So since golfing was out the kids played a bit in Funland and we said we wanted to ride the Haunted Mansion, the backbone ride of Funland which has been around for 38 years, meaning I rode it during my prime childhood years. I needed to go put money in the parking meter to extend our time. Unfortunately it was a long, long walk back to the car. I bet it took me close to 30 minutes before I got back. By the time I did everyone was in the long line for the Haunted Mansion.
Standing in line gave me plenty of time to reminisce. It just seemed so weird looking around at what was one the core highlight experiences of my childhood. Funland was a bit different than it was in the late 70’s and early 80’s. They used to have a TON of arcade games in the covered areas of the building that complimented the rides and games of skill. The arcade games are entirely gone, replaced with mostly kiddie rides. That was the great thing about the boardwalk, there were three or four arcades you could choose from. Last night confirmed that the arcade I knew as a kid is officially dead, killed by the high end gaming consoles of today.
So as I Cindy and I got on the ride I was curious if anything had significantly changed. The answer I came back with was “very little”. The ride is nearly identical to what I remember as a kid and that isn’t a bad thing. It was fun to once again worry that the skeleton that was holding a hose shooting water across our path would stop just in time or not to keep us dry. All the corny silliness was more or less intact which I appreciated. Although I knew the ride so well that nothing scared me, Cindy was not so lucky. She screamed and jumped more than once.
So after the ride Cindy and I were really beat. We had been on the road for roughly 12 hours and both were running out of gas. We told Todd and the gang we were packing it in for the night but we would get ahold of them the next morning to maybe hook up for lunch at Grotto’s. After taking showers I enjoyed my best night of sleep in several days, pretty much sleeping straight through the night until the sun came up.
When we woke up Cindy immediately flipped on the weather channel. The outlook was not good. It wasn’t if it was going to rain hard or not, that was a certainty. It was a matter of how long it would take to get here. I told Cindy I wanted to get moving so we have some time to eat and then ride the wheels around the boardwalk, one of the highlight rides I imagined on the trip. The skies looked foreboding but nothing was falling. After eating breakfast we threw the wheels in the Ioniq and headed for the beach.
At first Cindy was very hesitant riding up on the boardwalk, there were a LOT of people up there walking, running, and riding bikes, all likely with the same idea as us, enjoy some time outside before the storms blow in. In addition to all of the human obstacles, riding one direction went into a massive headwind which made riding more challenging. As a result early on Cindy was stepping off the wheel a lot and walking around some stuff however after we rode around for awhile she was doing much better, S’ing back and forth around people with relative ease. She always underestimates her ability on the wheel and gets mad at me when I express more confidence in her riding skills than she does herself. I really enjoyed riding the boardwalk area and if it was solely my decision I would still be up there right now, in the rain, lol.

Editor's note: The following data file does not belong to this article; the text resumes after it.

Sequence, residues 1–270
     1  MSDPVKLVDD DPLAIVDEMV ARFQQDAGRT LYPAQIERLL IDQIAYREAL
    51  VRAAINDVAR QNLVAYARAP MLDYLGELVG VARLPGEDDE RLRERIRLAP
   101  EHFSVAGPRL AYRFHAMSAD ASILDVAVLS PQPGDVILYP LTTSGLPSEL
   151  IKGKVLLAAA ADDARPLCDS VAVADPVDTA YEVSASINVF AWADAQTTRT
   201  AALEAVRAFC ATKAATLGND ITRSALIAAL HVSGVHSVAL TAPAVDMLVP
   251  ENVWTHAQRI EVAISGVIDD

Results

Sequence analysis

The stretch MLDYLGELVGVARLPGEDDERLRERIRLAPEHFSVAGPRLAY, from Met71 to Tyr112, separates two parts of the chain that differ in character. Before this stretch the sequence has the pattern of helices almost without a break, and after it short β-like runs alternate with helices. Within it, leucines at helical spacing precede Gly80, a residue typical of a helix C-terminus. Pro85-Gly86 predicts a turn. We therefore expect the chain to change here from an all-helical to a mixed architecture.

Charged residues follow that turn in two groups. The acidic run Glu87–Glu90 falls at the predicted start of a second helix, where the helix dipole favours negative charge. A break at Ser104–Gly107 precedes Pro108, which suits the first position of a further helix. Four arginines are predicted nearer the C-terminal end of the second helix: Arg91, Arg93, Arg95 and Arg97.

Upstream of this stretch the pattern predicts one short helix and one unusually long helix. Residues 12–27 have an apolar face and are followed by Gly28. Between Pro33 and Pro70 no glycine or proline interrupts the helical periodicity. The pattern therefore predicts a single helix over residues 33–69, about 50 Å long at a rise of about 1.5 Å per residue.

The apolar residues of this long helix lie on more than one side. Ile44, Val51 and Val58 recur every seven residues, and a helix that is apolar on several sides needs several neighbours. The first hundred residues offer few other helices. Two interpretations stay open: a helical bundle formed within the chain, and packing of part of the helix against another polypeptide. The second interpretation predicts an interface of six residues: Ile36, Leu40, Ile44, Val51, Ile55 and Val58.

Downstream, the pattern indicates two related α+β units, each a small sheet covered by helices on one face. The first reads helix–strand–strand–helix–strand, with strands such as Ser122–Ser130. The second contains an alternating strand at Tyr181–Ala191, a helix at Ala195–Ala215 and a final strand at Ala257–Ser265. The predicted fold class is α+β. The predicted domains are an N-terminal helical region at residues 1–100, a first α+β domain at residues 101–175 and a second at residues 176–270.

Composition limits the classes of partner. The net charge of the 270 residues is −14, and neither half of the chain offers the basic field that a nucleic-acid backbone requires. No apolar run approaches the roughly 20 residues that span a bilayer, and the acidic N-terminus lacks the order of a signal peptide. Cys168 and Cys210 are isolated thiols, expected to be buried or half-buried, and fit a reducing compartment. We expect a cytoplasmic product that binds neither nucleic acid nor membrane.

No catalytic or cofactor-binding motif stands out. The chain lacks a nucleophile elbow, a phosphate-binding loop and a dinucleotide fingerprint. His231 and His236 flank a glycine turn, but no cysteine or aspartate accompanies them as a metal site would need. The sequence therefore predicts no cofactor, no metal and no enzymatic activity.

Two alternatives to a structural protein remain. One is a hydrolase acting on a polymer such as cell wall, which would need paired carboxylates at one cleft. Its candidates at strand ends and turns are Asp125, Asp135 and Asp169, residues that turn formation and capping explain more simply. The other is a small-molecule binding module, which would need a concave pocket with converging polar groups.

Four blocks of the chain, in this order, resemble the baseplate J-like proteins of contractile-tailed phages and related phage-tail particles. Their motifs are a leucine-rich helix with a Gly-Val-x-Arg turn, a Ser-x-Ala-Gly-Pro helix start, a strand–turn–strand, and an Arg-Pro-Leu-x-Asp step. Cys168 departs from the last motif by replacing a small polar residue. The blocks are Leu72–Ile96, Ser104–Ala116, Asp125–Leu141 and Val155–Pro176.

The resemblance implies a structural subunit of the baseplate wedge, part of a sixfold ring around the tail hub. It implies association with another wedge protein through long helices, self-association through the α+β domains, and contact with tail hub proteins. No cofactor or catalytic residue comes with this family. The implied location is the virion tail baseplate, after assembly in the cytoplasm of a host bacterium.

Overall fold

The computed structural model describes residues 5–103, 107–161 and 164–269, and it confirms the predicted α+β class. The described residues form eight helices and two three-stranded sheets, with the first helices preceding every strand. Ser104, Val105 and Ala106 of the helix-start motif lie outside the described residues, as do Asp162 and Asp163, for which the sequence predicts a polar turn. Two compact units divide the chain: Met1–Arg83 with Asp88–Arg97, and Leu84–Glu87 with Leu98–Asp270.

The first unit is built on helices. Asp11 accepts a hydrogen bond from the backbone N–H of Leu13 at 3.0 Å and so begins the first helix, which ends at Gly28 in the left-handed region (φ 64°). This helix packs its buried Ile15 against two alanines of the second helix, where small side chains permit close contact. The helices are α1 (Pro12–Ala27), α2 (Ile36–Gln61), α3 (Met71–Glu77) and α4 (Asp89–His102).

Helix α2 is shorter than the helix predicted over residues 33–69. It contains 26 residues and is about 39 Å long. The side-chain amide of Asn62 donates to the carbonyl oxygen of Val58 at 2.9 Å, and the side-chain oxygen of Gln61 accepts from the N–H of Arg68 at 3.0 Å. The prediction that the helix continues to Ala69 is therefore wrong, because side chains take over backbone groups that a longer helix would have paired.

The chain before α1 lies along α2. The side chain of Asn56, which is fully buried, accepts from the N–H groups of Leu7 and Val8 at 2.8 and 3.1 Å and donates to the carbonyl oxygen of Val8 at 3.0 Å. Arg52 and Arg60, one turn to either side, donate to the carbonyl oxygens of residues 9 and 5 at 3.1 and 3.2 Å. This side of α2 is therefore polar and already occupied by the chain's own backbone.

So we got off the wheels and went in some stores on Rehoboth Ave. T-shirt creation/shopping was another highlight of my childhood memories here. I loved getting t-shirts made with those cartoonish muscle car images on them. The process seemed magical as the shirt store worker transformed a plain t-shirt into something cool in a matter of minutes. I couldn’t find any cool car decals but I did have an Eagles shirt with a Punisher logo made which is pretty sweet.
So we contacted Todd and let him know the mini-golf was open and we could get in a round hopefully before the storms started. He said they would walk up so we could give it a go. It started to rain around hole four or five but never hard enough to make us quit. We went into high speed Putt Putt mode and finished 18 holes in probably less than 25 minutes. Despite being rushed it was still fun to get a round in. Cindy beat me.
We then walked to Grotto’s which was a few doors down. It’s been a decade and a half since I last had Grotto’s pizza and I missed it. It’s some of my favorite pizza on the planet. Since it was lunch I did not indulge in any big beers but I may add that to my to do list for this evening. Todd and Mindy both had already checked out of their hotel and had to work tomorrow. They planned to make a pit stop on their way home at the Tanger Outlets. We told them it was great to see everyone and encouraged them to make a Florida trip sometime in the winter.
Ironically, my friend and former co-worker Cheryl just happened to arrive in Dewey in the last hour or two. I have not seen Cheryl in eons and she has never met Cindy. We hope to hook up for some more Grotto’s with big beers this evening before we shove off for Washington DC early tomorrow morning.
This brief return to Rehoboth has been filled with a variety of feelings. Finally departing with mom’s remains was something I really wanted to do because I have felt guilty for a long time about not honoring her wishes sooner. Although I think she would have been ok with that dispersion happening in the Gulf of Mexico, doing it in Rehoboth certainly is even more special as it held many great memories and happy moments for her as well.